HOW many of our leaders today are conscious about the fact that the decisions they make will certainly have an impact on the future? Resources are scarce and there is a need for a more conscientious use of public funds, but many leaders choose to still splurge on building unnecessary structures instead of seriously improving the life of its citizens through improved healthcare system, economic and livelihood development, transparent and faster government transactions, improved peace and order, and better training and educational systems. Most citizens today are no longer blinded by the so-called traditional politicians’ palliative or band-aid solutions. However, political seats are as cheap as thousand pesos per voter, hence, the cycle is really hard to destroy. There is that decade’s long debate as to what must come first – good leaders or good citizens. For me, the lines are blurred. Our society is guilty of perpetrating hopelessness even as the middle-class population is resigned to simply accepting that if one has the money to buy as many votes – then he or she wins. That same thinking will prevail for more decades until it becomes clear to most of us that only a change of mindset can trigger a change in our realities.
Let’s see how we gradually help change mindset. I would like to share one pioneering move a good friend from my college years has started in her current post as Dean and Senior Vice President of the Development Academy of the Philippines, Graduate School of Public and Development Management. Dr. Lizan Perante-Calima, or Lizan as I call her espouses futures thinking as a tool to identifying pre-determined and critical uncertainties in a systematic way has been a concern by many practitioners in the United States, Europe and Asia. Usually associated to foresight and link to policy making, futures thinking is one of the approaches that can be employed by the Philippine government in pushing for policies towards an anticipatory governance mindset.
Futures thinking is not new in the Philippines but was never picked up by many stakeholders, including the government. It was practiced by a few in 1970s but when Covid-19 pandemic hit the country and other jurisdictions around the world, Lizan, a native of Bacolod, saw the imperative of applying futures thinking in policy foresight responses.
Along with her academic team, she started facilitating the discourse on Futures Thinking by inviting experts from Futures Platform Finland for a discussion in April this year. To sustain the initiatives on Futures Thinking in the country, she organized a professional group called Philippine Futures Thinking Society (PhilFutures) co-founded by Chief Futurist Shermon Ortega Cruz as her Vice President. As a professional organization, it launched a number of knowledge co-creation activities via webinars. One of the remarkable activities of PhilFutures was the establishment of the Millennium Project Philippine Node aimed to deepen the Futures Thinking research in the country and identify the indicators for the State of Futures Index.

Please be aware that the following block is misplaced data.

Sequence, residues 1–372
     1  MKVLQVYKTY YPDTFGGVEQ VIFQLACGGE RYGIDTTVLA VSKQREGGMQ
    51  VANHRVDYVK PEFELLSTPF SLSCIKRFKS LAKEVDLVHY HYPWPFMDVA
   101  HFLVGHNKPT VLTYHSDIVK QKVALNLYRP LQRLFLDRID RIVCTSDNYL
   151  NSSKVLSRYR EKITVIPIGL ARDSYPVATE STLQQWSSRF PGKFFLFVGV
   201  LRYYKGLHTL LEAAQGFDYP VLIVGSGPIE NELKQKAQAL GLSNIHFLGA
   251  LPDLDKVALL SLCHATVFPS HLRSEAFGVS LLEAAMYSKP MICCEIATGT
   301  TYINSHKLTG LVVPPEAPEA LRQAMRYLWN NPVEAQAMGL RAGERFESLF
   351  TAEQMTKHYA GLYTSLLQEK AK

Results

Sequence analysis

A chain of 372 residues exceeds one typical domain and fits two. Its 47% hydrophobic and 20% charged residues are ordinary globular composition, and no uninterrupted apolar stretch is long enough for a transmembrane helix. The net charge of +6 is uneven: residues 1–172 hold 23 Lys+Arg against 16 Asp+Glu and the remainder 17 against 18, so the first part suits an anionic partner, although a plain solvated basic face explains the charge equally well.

On June 19, 2020, the birth date of our national hero, Dr. Jose Rizal, Philippine Futures Thinking Society was launched to propel the practice of Futures Thinking in the country. These include senate hearings and a briefing on Futures Thinking with legislators in both Houses of Congress, which eventually led to a Certificate Course on Futures Thinking at the DAP Graduate School.
Uncertainty faces all of us every day, which is why strategic foresight in the public sector is all the more needed. Futures thinking will allow policymakers and public servants to see the risks and opportunities in each future undertaking, as well as effectively anticipate and adapt to new advancements and changes, and the challenges they bring. In promoting futures thinking, we are also making a commitment to improve our strategies and processes to better serve the Filipino people and their interests.
Lizan shares that in one weekend in March along with her research associates during the conduct of their Executive Course on Public Management Research, they conceived this ambitious idea to create a hub and laboratory or "HubLab" that will consolidate all our efforts to advance excellence in public management. They later called it the “GSPDM Knowledge-Innovation HubLab” which has Futures Studies Education as one of its platforms. Because of the pandemic, they did not anticipate that they will be able to make significant strides in Futures Studies efforts, but as they say, good things happen when you least expect it.
The PhilFutures along with DAP Graduate School of Public and Development Management and other institutional members will host the Asia Pacific Futures Network virtual conference on November 19 to 21 with the theme Regenerating Asia 2050 Using Futures Literacy to Transform Governance, Culture and Economy. Under the leadership of Lizan, the policy and decision-making process in the country will somehow be reshaped towards an anticipatory governance mindset.